care if you say we can’t be together. I don’t care if you think I’m the most
evil, unnatural creature walking on earth. You can think whatever you want, go
whatever you want. I’m going to just go on loving you, even if it’s hopeless.”
― Richelle Mead, The
Tin Machine was announced to the press in May 1989, released their debut album, and went on a brief promotional tour in the US and Europe. It’s a shame that said tour was so brief, as it was the band at the peak of its promise–playing small clubs, burning through (and to be fair, greatly elongating) songs, with Bowie in strong voice and delighted about the racket he was making.
Setlists were the entire Tin Machine album (barring “Video Crime,” for whatever reason), the occasional cover (”Maggie’s Farm,” “Shakin’ All Over”) and new compositions (Hunt Sales’ “Sorry” and “Now,” which became ”Outside” years later). Not a single “David Bowie” song was played. Openers varied, but the closer was always “Under the God.” And no encores.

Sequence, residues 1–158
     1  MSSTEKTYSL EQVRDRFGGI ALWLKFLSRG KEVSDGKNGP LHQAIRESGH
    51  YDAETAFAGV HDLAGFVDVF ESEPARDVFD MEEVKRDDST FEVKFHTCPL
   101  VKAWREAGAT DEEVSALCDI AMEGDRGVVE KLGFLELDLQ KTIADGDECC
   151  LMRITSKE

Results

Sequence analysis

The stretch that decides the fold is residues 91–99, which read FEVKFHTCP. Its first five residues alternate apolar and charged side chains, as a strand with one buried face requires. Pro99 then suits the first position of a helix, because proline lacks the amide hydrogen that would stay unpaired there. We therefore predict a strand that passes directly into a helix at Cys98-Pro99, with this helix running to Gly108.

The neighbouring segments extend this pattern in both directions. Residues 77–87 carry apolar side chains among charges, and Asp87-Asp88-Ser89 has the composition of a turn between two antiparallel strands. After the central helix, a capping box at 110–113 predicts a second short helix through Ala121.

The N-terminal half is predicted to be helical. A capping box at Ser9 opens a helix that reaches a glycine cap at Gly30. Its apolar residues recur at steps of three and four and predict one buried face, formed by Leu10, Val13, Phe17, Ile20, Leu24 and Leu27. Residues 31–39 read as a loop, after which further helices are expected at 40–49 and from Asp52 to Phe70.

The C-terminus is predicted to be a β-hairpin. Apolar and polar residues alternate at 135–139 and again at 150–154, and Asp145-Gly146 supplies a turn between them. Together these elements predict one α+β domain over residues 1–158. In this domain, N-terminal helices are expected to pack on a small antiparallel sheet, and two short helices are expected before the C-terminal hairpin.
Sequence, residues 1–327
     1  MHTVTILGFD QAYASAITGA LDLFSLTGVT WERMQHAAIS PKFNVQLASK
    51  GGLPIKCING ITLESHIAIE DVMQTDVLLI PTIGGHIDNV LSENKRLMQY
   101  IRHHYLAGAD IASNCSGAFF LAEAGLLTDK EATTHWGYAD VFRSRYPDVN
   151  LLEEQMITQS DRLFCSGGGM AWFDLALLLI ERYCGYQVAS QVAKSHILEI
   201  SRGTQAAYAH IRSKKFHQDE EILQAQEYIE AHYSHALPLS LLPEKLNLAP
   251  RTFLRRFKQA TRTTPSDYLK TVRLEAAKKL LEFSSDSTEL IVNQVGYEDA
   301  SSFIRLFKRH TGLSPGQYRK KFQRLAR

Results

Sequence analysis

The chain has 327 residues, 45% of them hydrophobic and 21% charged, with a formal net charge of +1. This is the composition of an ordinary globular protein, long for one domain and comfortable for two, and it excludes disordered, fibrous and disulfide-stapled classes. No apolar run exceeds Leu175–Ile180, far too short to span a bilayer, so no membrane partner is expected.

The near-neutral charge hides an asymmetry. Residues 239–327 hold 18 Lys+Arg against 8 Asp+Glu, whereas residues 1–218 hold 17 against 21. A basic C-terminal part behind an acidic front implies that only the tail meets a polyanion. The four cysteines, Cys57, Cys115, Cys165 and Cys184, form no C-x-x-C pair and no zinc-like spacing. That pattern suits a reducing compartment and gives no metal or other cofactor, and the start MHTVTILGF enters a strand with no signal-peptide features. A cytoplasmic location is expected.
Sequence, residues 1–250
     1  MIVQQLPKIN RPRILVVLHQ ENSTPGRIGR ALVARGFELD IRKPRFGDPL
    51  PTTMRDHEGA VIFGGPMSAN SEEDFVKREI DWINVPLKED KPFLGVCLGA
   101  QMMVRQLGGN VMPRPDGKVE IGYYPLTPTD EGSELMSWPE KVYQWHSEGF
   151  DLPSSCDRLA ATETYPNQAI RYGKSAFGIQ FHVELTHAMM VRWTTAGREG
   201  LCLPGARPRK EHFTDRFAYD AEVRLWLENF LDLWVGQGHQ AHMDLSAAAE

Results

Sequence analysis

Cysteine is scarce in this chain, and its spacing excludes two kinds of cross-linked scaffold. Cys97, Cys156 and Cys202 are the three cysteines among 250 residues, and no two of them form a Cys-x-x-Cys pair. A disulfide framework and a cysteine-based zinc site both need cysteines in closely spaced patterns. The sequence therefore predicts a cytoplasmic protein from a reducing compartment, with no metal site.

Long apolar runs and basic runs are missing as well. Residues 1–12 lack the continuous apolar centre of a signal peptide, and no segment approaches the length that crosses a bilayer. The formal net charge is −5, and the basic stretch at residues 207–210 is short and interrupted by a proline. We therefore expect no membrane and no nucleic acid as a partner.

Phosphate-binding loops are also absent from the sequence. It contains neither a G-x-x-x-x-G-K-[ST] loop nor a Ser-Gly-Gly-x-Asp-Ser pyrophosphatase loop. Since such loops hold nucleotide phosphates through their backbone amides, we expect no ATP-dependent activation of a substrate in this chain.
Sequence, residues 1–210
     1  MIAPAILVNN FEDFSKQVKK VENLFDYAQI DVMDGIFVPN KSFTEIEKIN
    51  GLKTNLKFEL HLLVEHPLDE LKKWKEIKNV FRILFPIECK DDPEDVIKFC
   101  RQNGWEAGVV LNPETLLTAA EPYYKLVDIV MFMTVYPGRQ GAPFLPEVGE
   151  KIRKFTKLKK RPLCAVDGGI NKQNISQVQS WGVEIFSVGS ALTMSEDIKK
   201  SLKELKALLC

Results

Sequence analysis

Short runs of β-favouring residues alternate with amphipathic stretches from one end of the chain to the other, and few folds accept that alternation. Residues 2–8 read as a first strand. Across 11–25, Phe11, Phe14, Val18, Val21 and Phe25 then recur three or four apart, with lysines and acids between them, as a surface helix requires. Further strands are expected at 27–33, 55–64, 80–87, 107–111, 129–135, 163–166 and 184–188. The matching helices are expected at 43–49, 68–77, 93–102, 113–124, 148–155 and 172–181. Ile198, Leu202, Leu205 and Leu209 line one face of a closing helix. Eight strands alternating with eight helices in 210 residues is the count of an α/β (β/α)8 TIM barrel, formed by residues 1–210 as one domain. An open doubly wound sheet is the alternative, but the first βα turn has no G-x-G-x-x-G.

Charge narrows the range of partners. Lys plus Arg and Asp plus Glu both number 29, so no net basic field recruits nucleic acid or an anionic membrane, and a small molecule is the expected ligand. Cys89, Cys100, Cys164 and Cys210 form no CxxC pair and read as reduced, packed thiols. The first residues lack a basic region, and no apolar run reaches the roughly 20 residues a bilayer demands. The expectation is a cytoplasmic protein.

There was a sense of spontaneity about the tour—tickets often weren’t announced until the day of the show and the band would pile into a single car to be taken to gigs.
Bowie, 5 July 1989: “We still regard ourselves first and foremost as a live band. The songs are almost secondary…a vehicle to work on, to improvise on.” Here’s a document of much of it.
(Most clips are courtesy of the invaluable “David Bowie Tin Machine” YouTube account.)